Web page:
Schedule (updated 4/08)
Danis Perez Repertoire
TUMBA FRANCESA, a dance of Afro-Haitian origin that was introduced to Cuba at the end of the 18th century by immigrating Haitian blacks who settled in eastern Cuba, primarily in Santiago de Cuba and Guantanamo. This dance transformed the movements made by French couples at colonial festivities into
an African image. Its musical instruments and rhythms are derived from the mysteries-ceremonies of the Dahomey and the Congo peoples. The Creole songs retain their Haitian character and are unchanged from their original form. The dances, delicate and pure in style, are performed in three sections: the Mason
(dance by couple), the Yuba (dance by trio) and the Frente or Frent (a music and dance dialogue between a soloist dancer and the premier drum).
BAND GAGA, an Afro-Haitian-Cuban dance which comes from the Haitian shanties in the eastern part of Cuba. It's a collective feast organized as a comparsa (parade) of rural origin. It contains two basic styles, Chai and Pigue. The ceremonies are performed during the Holy Catholic week. The Patois songs, percussive music and imaginative, lascivious dancing between men and women lend this style its particularly attractive quality. It is characterized by rhythm, strength, exotic movement, color and eroticism as a whole.
TAJONA, a rural comparsa, was introduced in Cuba by the Haitian slaves that emigrated with their French masters from their country after the Haitian Revolution. It was practiced in Santiago de Cuba and its surroundings during the 19th century. This Afro-Haitian-Cuban dance emerged as a way of coping with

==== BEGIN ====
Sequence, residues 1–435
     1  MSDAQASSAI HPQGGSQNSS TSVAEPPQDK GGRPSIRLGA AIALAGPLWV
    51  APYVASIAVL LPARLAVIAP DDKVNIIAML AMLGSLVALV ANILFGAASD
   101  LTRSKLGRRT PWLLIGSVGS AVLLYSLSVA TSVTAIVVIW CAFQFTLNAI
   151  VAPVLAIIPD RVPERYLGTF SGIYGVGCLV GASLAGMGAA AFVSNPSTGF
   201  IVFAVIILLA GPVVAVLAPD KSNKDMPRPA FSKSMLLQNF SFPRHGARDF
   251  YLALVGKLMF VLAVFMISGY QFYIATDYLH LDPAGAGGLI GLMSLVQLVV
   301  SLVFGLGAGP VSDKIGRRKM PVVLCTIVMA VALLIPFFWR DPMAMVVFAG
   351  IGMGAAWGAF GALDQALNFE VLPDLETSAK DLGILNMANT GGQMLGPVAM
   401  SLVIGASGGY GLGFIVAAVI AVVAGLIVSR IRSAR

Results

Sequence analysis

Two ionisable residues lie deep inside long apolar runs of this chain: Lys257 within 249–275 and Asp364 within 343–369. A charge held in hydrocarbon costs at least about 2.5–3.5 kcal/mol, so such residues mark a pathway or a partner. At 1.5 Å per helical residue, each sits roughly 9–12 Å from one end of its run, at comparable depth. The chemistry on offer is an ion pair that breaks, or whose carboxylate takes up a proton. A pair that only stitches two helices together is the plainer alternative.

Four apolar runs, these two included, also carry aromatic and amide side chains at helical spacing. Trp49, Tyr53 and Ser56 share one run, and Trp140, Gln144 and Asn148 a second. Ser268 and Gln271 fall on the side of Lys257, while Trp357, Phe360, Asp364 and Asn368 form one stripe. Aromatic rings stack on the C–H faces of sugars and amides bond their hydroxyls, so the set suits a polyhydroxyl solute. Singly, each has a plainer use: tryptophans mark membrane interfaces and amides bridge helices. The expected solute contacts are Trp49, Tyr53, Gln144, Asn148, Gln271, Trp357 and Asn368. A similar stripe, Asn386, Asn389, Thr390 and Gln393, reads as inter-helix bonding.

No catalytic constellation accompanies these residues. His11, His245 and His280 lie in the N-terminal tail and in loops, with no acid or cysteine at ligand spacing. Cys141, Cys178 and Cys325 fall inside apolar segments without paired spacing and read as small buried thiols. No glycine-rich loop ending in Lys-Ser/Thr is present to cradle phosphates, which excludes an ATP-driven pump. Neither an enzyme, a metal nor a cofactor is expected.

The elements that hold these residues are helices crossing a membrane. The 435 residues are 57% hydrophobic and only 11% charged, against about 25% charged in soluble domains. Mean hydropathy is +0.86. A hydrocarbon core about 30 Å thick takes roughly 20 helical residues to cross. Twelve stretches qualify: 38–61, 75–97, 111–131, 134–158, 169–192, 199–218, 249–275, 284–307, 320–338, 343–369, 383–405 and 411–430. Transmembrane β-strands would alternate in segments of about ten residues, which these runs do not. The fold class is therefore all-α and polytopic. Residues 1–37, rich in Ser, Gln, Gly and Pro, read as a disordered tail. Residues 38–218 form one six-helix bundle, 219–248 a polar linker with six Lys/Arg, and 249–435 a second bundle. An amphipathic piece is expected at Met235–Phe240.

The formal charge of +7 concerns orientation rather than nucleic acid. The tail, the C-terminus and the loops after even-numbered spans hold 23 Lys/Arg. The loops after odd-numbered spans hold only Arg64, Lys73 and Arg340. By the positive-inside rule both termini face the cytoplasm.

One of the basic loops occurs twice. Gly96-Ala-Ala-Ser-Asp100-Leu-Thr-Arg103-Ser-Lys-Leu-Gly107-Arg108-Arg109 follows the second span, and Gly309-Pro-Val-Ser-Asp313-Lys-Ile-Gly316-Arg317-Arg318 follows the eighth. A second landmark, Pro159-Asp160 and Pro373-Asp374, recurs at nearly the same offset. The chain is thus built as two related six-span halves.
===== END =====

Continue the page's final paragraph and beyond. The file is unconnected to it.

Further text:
the brutal work conditions of the slaves breaking down coffee pulp. Beginning with a leisurely paced representation of the country lifestyle, the dance soon evolves into a more energetic friendly competition between two groups joking with each other and ends with frenzied rhythms accompanying the graceful and
amazingly coordinated entwining of colorful laces that hang from a tall pole.
CUTARAS OR CHANCLETAS The percussive voices of wooden slippers engage in a dialogue with the drums in the performance of this dance that made its appearance in the 1930s. The music is characterized by the rhythmic tapping of the Cutaras (wooden slippers) on the floor and the sound of the drums, sometimes guiding and sometimes accompanying. At times the percussion will abruptly stop and let the Cutaras themselves sound their syncopated contrapuntal variations, reaching a roaring and shattering effect.
CONGA COMPARSA, The most integral, popular, and emblematic elements of the world famous carnivals of Santiago de Cuba are to be found in the beautifully dressed and exciting Congas. The conga Santiaguera is a celebration that speaks of the African origin that is inherent to Cuban people.
CICLO DE LA RUMBA, Rumba is a manifestation of music and dance born in the shacks of African slaves in western Cuba (Havana and Matanzas) and deeply rooted in the culture of the Cuban people. Nowadays it constitutes a national cultural patrimony, with three traditional styles: the "Yambu" is a couple dance where the dancers imitate the movements of elder people, the "Guaguanco" is also a couple dance which emulates the courting-mating act as a competition between a man and woman, the "Columbia" is a competition between the most skillful male dancers and the principal leading drum.
SON, One of the most basic forms of Afro-Cuban music and dance. Its existence is documented as early as the late 19th century. The Son has three choreographic variations and numerous musical styles. It is danced as a couple with the same steps as its precursor, the Danzon, but its movements are more open, accentuated and free.
“LA MORA” CLASSES SCHEDULE:
La Mora is now teaching at Alvin Ailey in
6:00 to 7:30 p.m.
6:30 to 8:00 p.m.
4:00 to 5:30
Cuban Popular Dance
Alvin Ailey American Dance Theater / Ailey Extension
Fax: (212) 405-9001
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